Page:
Once the cradle of the most reputed wines in the old world, Ribeiro finds itself rediscovering the ancient style of wine that catapulted this region to the Olympus of the finest wines.
In this article, I would like to echo my current research about Ribeiro. Here, I’m trying to place Ribeiro’s wines back on the map, unseating Douro, the birthplace of Port, as the oldest designated winemaking region in the world.
In 1579, the Municipal Ordinances of Ribadavia already determined the places and parishes that could produce and sell Ribeiro wine (called Ribadavia at that time), what winemaking practices were allowed, and what sanctions would be applied to those who failed to comply with that Ordinance, being a clear precedent for the regulations of the current Regulatory Councils of today (It is in 1756 when the Douro became the first classic wine region to be legally demarcated, 177 years after the writing of Ribeiro's Ordinances).
There is also documentation that proves that when the Ribeiro lost the English market as a result of the treaty between England and Portugal, many of the winegrowers from this Galician region moved to the Douro at a time when the British began to invest money into planting new vineyards in Douro Valley. That piece of documentation is the “Portuguese Wine Treaty” written by John Croft in 1787, where he already states at the beginning of the book that Portuguese wines began to be introduced into England mainly during the government of Queen Anna (1702-1714) and that before that, those from Ribadavia were imported. Thus, Galicians moved to Douro and naturally applied all their accumulated knowledge to build up Douro’s terraced vineyards. In the end, he mentions that in 1732 Port wines were not considered rich enough, so they were mixed with the fine Galician wines called “Ribadavias". It is unknown when the habit of mixing Porto with Ribeiro was maintained, but it had already been lost at the end of the 18th century when John Croft published his book.
Where are we?
Ribeiro is a complex reality, probably one of the oldest and most reputed regions in the old world, mostly forgotten nowadays that in the past stood on its own.
Located in the southwest of Galicia, about 40 km away from the Atlantic Ocean, Ribeiro is simplistically divided into 3 valleys cut by 3 rivers (The Avia, the Miño, and the Arnoia). The reality is that Ribeiro is far more complex than that as it is cut by more than 20 rivers which create small sub-regions with very diverse micro-climates, becoming a transitionary area with hot and humid weather that is softened by the Atlantic influence. That proximity to the Ocean should imply a greater Atlantic character, however, the orography of mountain ranges and hills that limits the denomination to the West and North exerts an important protective effect, thus allowing the alcoholic maturation to develop parallelly to the phenolic ripening. If it is the mountains that constitute a natural barrier that isolates it from the nearby maritime influence, it is the rivers that exert a contrary force moderating temperatures, becoming a kind of endogenous self-regulation organism.
Winemakers since the 2nd century BC
Thanks to the Greek historian Strabo and to the ruins found of several lithic “lagares” (ancient constructions used for pressing the grapes) we know that the beginnings of winemaking in the area date all the way back to the 2nd century BC. The Germanic invasions represented a strong setback, although the richness of varieties that are already associated with that time did not disappear. The arrival of the Benedictine and Cistercian monks brought about a qualitative change. During this stage, the most important Galician ecclesiastical orders settled farms and priories in Ribeiro to supply their cellars with wine to be consumed during the year. The monasteries were the great promoters of the recovery of the vineyard, replanting the indigenous varieties that had already existed in this area. Something similar happened with the aristocratic families who, interested in acquiring vineyards since the 11th century, gave rise to large and medium-sized land ownerships.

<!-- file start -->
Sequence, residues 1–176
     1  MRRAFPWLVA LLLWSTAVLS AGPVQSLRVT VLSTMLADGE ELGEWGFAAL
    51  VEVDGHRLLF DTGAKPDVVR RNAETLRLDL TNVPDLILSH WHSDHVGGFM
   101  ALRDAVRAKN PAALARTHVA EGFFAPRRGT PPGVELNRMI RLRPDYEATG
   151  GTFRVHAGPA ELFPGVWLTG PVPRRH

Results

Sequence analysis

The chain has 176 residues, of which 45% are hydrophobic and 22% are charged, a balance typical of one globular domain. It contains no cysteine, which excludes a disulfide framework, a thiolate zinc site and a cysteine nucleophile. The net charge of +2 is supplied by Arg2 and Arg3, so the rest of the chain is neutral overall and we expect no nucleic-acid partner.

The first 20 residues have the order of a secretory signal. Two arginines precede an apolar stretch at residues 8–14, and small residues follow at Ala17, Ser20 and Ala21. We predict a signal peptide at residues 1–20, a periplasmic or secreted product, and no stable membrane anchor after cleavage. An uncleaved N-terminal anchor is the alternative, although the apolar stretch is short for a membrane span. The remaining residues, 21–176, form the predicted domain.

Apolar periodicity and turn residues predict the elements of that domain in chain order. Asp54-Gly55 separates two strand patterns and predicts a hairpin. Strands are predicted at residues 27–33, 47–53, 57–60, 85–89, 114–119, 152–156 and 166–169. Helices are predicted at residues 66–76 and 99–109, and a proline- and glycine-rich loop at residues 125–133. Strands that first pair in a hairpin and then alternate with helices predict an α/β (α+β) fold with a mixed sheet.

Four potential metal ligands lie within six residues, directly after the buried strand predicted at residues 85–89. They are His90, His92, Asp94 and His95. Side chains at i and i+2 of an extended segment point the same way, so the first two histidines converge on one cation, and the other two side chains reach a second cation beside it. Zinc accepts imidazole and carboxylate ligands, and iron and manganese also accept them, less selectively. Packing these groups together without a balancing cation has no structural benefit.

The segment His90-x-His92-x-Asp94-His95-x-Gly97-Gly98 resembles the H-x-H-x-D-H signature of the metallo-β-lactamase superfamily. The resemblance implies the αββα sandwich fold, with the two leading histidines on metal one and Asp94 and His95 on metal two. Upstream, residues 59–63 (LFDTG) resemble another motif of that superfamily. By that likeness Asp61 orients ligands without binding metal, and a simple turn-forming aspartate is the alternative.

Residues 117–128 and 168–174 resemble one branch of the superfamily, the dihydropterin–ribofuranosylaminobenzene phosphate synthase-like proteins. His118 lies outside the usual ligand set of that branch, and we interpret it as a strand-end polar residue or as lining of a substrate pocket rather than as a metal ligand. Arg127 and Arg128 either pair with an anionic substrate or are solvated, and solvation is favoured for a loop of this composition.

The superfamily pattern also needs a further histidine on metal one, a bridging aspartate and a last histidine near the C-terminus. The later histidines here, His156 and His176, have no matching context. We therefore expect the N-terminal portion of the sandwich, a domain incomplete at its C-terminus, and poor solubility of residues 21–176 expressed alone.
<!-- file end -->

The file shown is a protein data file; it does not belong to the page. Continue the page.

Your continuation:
Despite the fact that trade and appreciation for Ribeiro wines were more than flourishing at this time, it would not be until the looting of the city of Ribadavia by the army of the Duke of Lancaster in 1386 that they experienced an international springboard, thanks to the good taste it left in the nobility and the English troops. Ribadavia was also introduced in the most important European ports in the second half of the 14th century after the temporary crisis caused by the Black Death on the wines from South-West France, provoking the rupture of the monopoly of Bordeaux wines. Since then, Rivadavia wines have been understood as synonymous with luxury and quality
During the golden centuries that followed (from the 15th century until the 18th), it was particularly the English merchants who came to these land or had representatives who were in charge of acquiring the wine that later would transport them by boat navigating the Miño, or through the figure of the "arrieros" (a person who transported leather-skin vessels full of wine on the back of a mule) to the ports of Pontevedra, Vigo, or Baiona.
The echoes of Ribeiro
Even the classic literates of the Golden Age of Spanish literature were also echoing the virtues of Ribeiro wines (for example, Cervantes mentioned in his Licenciado Vidriera the wines from Ribadavia). Ribeiro’s wines were known not only throughout the peninsula as its fame reached Italy, Flanders, France, Germany, and England in huge part thanks to that trade route which became the “Camino de Santiago” (the famous pilgrimage). The quality of Ribeiro wines was undeniable, such that in Ondarribia (Guipúzcoa), in 1584, Ribadavia wines were sold at twice the price of Bordeaux wine.
In 1492 a Spanish expedition arrived in the New World. The man behind it was Christopher Columbus, who took on board one of the most appreciated wines of his time, Ribeiro, becoming the first wine to cross the Atlantic and, therefore, to reach America (Some documents from the Simancas National Archive prove the presence of Ribeiro wine aboard Columbus’ caravels).